Just the other day, I realized that as on-point as the song – written by Henley and Danny Kortchmar – was in 1982, when I had decided to major in journalism (primarily to avoid taking more than one math and one science class at Temple), it has proven only more ominous over the decades.

It was this verse that got the few marbles I have left to rattle around:

“We got the bubble-headed-bleach-blond

Who comes on at five

She can tell you ’bout the plane crash with a gleam in her eye

It’s interesting when people die

Give us dirty laundry”

There is a later reference to the boys in the newsroom having a running bet about when someone will die.

It sounds unreal and callous, but it rings true. Sadly. The only real way to stay sane behind the curtain in the business is to become insensitive.

It took only events the magnitude of a 9/11 or a Sandy Hook — or a horrific local murder, like that of Lisa Manderach and her 19-month-old daughter, Devon — to cast a pall over the newsroom.

Not being a full-time newspaper guy in recent years, coupled with the birth of Sofia, has greatly softened my veneer.

When news affects me personally, it not only hits me, but I’m not afraid to show it.

When I cry at the end of the movie, which happens a lot, I’m that guy who has to watch all the credits roll in case someone sees me when I leave.

And when breaking news breaks my heart, it’s increasingly difficult to get up off the canvas.

Such was the case when Tom Petty died last year and, more recently, when the death of Neil Peart was followed closely by that of dear friend Hank Cisco.

These days, news just hits you in an instant.

On Sunday, for example, I was sitting where I am right now – at my laptop – when my cellphone flashed: “Kobe Bryant dead at 41.”

There was no other information, as it was one of the first initial reports.

“Oh, my God,” bellowed this atheist. “Kobe Bryant just died.”

“Oh, my God,” my wife, a practicing Catholic, replied.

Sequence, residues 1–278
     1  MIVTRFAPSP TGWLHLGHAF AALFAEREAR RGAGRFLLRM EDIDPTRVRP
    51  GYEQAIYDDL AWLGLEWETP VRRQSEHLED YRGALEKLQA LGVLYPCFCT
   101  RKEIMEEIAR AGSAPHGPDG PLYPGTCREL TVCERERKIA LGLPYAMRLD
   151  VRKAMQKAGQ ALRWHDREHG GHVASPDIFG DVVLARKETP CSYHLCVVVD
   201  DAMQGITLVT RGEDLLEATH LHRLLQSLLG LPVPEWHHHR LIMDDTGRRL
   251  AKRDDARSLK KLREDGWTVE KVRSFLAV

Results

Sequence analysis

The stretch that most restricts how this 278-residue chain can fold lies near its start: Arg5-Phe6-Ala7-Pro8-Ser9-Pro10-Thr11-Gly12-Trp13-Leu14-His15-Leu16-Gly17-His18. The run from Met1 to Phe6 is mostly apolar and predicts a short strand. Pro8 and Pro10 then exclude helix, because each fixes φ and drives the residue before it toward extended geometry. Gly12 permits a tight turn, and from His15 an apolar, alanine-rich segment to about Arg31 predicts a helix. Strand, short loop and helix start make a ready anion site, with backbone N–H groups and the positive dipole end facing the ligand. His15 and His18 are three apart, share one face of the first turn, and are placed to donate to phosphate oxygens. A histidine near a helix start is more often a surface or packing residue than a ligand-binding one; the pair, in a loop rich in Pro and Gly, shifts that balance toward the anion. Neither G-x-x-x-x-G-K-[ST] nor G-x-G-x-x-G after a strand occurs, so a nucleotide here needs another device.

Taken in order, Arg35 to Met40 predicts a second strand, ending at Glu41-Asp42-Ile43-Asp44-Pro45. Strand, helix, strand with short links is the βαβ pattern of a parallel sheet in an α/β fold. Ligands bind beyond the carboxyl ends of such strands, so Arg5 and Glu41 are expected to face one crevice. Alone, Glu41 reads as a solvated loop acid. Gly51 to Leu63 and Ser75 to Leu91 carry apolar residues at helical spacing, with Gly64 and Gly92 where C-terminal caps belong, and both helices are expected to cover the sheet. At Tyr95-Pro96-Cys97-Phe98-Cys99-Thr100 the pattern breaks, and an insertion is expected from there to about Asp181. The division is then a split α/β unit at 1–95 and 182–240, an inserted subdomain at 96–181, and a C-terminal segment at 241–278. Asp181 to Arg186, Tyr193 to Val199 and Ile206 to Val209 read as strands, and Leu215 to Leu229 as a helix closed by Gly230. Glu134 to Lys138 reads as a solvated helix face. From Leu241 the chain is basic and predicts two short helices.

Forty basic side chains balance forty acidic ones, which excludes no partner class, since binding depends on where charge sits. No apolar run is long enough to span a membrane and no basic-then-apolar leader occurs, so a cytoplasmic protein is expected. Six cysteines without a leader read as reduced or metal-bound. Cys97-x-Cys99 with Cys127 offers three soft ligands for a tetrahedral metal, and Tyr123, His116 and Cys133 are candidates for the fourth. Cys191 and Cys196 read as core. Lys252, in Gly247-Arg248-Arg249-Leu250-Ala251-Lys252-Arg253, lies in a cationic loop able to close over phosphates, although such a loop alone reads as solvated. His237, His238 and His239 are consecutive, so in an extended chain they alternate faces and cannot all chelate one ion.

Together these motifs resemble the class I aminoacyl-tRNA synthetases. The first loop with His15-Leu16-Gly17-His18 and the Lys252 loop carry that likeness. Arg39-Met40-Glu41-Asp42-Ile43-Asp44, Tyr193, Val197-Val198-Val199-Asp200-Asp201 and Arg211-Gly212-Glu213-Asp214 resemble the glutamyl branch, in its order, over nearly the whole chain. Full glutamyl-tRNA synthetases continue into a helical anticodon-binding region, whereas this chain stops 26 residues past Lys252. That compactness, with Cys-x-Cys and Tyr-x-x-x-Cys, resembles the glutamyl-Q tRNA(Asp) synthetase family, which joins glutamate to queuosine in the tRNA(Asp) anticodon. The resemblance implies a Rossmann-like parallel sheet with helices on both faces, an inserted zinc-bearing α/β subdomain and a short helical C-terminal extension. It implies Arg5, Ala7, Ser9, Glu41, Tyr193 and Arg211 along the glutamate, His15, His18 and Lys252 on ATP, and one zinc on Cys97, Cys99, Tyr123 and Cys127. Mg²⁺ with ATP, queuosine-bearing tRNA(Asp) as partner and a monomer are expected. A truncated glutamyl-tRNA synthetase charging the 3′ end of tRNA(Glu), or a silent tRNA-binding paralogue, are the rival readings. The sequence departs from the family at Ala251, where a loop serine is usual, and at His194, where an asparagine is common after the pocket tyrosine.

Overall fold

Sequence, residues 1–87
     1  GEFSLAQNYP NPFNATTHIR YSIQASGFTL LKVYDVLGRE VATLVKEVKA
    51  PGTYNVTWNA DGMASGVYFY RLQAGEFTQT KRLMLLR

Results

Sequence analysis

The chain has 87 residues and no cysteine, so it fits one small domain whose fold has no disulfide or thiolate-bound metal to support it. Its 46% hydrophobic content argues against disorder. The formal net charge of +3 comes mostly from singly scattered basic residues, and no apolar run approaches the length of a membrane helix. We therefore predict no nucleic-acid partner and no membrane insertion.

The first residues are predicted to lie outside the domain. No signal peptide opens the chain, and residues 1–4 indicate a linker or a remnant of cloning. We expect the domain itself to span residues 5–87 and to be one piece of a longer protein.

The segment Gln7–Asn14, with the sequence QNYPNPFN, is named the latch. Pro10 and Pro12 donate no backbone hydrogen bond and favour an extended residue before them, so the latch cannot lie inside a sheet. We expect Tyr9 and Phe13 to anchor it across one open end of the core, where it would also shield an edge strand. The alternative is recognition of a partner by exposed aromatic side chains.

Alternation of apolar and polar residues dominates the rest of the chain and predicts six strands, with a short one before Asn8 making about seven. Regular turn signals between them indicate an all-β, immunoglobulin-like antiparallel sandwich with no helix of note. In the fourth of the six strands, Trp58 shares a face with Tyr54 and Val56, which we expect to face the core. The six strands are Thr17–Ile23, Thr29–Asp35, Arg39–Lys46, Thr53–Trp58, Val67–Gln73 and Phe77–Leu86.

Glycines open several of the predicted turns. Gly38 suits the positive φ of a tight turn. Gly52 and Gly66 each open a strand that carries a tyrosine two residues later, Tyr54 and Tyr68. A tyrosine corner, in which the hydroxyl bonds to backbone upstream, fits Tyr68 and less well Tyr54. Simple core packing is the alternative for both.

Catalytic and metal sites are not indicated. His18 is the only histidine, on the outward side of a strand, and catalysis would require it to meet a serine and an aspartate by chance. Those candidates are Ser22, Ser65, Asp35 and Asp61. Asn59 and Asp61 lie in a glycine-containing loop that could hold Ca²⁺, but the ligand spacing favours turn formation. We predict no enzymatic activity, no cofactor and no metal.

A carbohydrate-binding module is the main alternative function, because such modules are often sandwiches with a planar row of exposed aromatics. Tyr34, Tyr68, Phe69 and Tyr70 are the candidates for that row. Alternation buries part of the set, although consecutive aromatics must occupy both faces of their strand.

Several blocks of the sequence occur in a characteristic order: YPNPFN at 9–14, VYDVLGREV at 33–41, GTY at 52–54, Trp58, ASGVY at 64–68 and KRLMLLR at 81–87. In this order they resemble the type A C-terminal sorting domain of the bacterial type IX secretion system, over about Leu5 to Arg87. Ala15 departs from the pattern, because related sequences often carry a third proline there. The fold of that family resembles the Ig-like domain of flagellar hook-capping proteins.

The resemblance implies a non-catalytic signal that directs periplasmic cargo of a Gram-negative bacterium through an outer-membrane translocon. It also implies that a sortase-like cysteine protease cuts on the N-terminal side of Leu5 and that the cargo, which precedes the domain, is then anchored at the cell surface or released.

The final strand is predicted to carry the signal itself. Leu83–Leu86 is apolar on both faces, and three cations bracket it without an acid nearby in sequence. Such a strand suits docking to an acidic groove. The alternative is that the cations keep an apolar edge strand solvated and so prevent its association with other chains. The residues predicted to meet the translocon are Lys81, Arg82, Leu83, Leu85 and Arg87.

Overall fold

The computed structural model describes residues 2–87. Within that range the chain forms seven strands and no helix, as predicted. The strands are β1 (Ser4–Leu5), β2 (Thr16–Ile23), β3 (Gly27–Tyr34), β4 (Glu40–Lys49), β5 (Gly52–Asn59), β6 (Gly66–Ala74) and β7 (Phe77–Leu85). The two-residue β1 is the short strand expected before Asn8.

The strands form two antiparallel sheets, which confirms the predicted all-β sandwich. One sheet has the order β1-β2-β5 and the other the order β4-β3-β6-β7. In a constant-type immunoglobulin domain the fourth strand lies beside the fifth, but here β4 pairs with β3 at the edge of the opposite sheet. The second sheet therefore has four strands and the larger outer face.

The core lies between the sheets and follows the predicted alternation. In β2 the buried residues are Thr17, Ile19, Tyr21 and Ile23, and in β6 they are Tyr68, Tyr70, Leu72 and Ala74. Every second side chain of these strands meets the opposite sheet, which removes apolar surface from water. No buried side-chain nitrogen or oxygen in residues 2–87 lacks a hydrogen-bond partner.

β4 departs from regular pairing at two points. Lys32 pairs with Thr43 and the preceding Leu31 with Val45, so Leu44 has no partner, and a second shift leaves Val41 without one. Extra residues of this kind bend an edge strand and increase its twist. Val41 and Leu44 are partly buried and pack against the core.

When MSNBC was unable to provide much in the way of detail, we turned to CNN.

The news trickled in slow, and with a lot of the misinformation we didn’t run with back in the day, when we needed confirming sources and getting 2-3 people of authority on the record, and I took Sofia to her indoor softball practice not knowing for sure who else was on the private helicopter and how many people were on board.

Reports ranged from Bryant and daughter, Gianna, to the whole family to another teammate of Gianna and her parent.

We since learned the heartbreaking details, and the identities of all the nine victims beyond Bryant and his daughter.

The fact that Gianna was 13 (the age Sofia will be in two months, almost to the day) is enough to give me chills. Sports icon or not, I try not to think about what must have been going through Kobe’s mind knowing he couldn’t protect his daughter as the crash happened.

It was also personal on other levels.

Like an old song on the radio, the tragedy brought back a flood of memories.

Weaned on the Philadelphia Big 5, I remember his dad — Joe “Jelly Bean” Bryant — starring for La Salle before playing for the hometown 76ers (and later the then-San Diego Clippers) before moving on Europe (Kobe was born in Italy).